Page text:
2 S.C.R. 182,  S.C.J. No. 23, 2015 SCC 23, 383 D.L.R. (4th) 429,
470 N.R. 324, J.E. 2015-767, 360 N.S.R. (2d) 1, 67 C.P.C. (7th) 73, 18 C.R. (7th)
308, EYB 2015-251384, 2015EXP-1385, 251 A.C. W.S. (3d) 610
Statutes referred to
Criminal Code, R.S.C. 1985, c. C-46, s. 232(1), (2) [as am.]
APPEAL by the accused from the convictions entered by Nord-
heimer J. of the Superior Court of Justice, sitting with a jury, on
October 20, 2010.
Mark C. Halfyard and Breana Vandebeek, for appellant.
John Patton, for respondent.
The judgment of the court was delivered by
 WATT J.A.: — Three gunshots were fired outside Whispers,
an after-hours bar. A man just released from the grip of a bouncer
fired those shots. The bouncer worked at Whispers.
 The shots missed the bouncer, their apparent target. But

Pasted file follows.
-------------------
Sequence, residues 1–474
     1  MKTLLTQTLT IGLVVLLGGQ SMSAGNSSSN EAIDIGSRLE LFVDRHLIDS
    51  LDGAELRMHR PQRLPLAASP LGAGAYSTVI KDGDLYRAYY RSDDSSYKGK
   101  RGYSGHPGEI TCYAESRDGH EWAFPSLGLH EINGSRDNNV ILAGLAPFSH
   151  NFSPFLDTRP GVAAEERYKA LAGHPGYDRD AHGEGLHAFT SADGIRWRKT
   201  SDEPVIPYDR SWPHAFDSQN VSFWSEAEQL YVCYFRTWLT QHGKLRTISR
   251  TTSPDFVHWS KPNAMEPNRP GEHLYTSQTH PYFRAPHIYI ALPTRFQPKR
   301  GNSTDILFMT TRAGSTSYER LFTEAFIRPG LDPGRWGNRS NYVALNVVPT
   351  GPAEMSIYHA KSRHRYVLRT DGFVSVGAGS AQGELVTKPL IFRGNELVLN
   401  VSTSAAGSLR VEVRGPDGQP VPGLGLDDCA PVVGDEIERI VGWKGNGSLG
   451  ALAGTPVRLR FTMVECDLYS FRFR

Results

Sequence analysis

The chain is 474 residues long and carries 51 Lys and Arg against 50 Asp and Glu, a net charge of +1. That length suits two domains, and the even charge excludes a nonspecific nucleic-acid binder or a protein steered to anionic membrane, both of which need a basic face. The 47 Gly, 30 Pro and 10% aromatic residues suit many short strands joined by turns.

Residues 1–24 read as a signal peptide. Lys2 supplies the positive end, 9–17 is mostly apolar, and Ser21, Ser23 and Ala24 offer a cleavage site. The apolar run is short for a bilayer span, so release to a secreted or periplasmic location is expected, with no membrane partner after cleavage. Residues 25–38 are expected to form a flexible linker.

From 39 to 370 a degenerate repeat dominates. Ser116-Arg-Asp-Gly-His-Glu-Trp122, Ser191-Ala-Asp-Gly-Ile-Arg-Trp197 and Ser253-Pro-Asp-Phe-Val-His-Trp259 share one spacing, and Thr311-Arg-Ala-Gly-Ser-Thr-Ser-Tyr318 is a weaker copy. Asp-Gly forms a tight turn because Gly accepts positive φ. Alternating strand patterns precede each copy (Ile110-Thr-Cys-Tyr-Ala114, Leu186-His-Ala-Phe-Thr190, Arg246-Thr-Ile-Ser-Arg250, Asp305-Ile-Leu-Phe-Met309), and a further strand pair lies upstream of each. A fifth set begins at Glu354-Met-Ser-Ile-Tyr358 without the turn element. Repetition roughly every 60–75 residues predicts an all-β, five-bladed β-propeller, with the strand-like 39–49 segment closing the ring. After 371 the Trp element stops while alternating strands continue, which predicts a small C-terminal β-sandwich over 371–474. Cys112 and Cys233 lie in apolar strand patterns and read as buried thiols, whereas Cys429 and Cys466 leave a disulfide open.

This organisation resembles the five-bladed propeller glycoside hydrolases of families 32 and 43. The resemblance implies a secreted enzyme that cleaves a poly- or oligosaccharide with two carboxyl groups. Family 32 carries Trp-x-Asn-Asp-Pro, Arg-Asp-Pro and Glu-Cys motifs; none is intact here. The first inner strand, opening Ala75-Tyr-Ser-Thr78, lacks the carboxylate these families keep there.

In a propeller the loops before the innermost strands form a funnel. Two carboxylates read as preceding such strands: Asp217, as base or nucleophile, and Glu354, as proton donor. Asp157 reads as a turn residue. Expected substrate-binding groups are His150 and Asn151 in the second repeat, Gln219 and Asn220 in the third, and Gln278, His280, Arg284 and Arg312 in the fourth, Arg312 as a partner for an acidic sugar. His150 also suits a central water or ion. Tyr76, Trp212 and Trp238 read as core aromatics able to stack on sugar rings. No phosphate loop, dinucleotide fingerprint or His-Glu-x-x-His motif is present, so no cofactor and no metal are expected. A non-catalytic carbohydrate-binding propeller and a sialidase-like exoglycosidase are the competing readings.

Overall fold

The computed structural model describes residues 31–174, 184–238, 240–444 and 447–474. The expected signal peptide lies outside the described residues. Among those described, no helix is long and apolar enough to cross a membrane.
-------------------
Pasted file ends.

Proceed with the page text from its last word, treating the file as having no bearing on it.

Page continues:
the shots hit two other people. One man died. The other was
wounded, but survived.
 A jury was satisfied beyond a reasonable doubt that Peter
Johnson was the shooter. The jury found him guilty of second
degree murder and attempted murder.1
 Peter Johnson appeals his convictions. He says that the trial
judge wrongly excluded some expert evidence tendered by the
defence and further erred in refusing to leave the statutory
partial defence of provocation to the jury in connection with the
charge of second degree murder.
 These reasons explain why I would reject the claim of error
relating to the exclusion of evidence, but allow the appeal on the
basis that provocation ought to have been left with the jury.
The Background Facts
 No one who was part of the melee during which the shoot-
ings occurred identified the shooter as Peter Johnson, or for
that matter, as anybody else. However, it was expressly admitted
at trial that the shooter was the person whom the bouncer,
Albert Grant, had subdued then released in the parking lot out-
1 The jury also found him guilty of two counts of discharging a firearm with
intent to endanger life.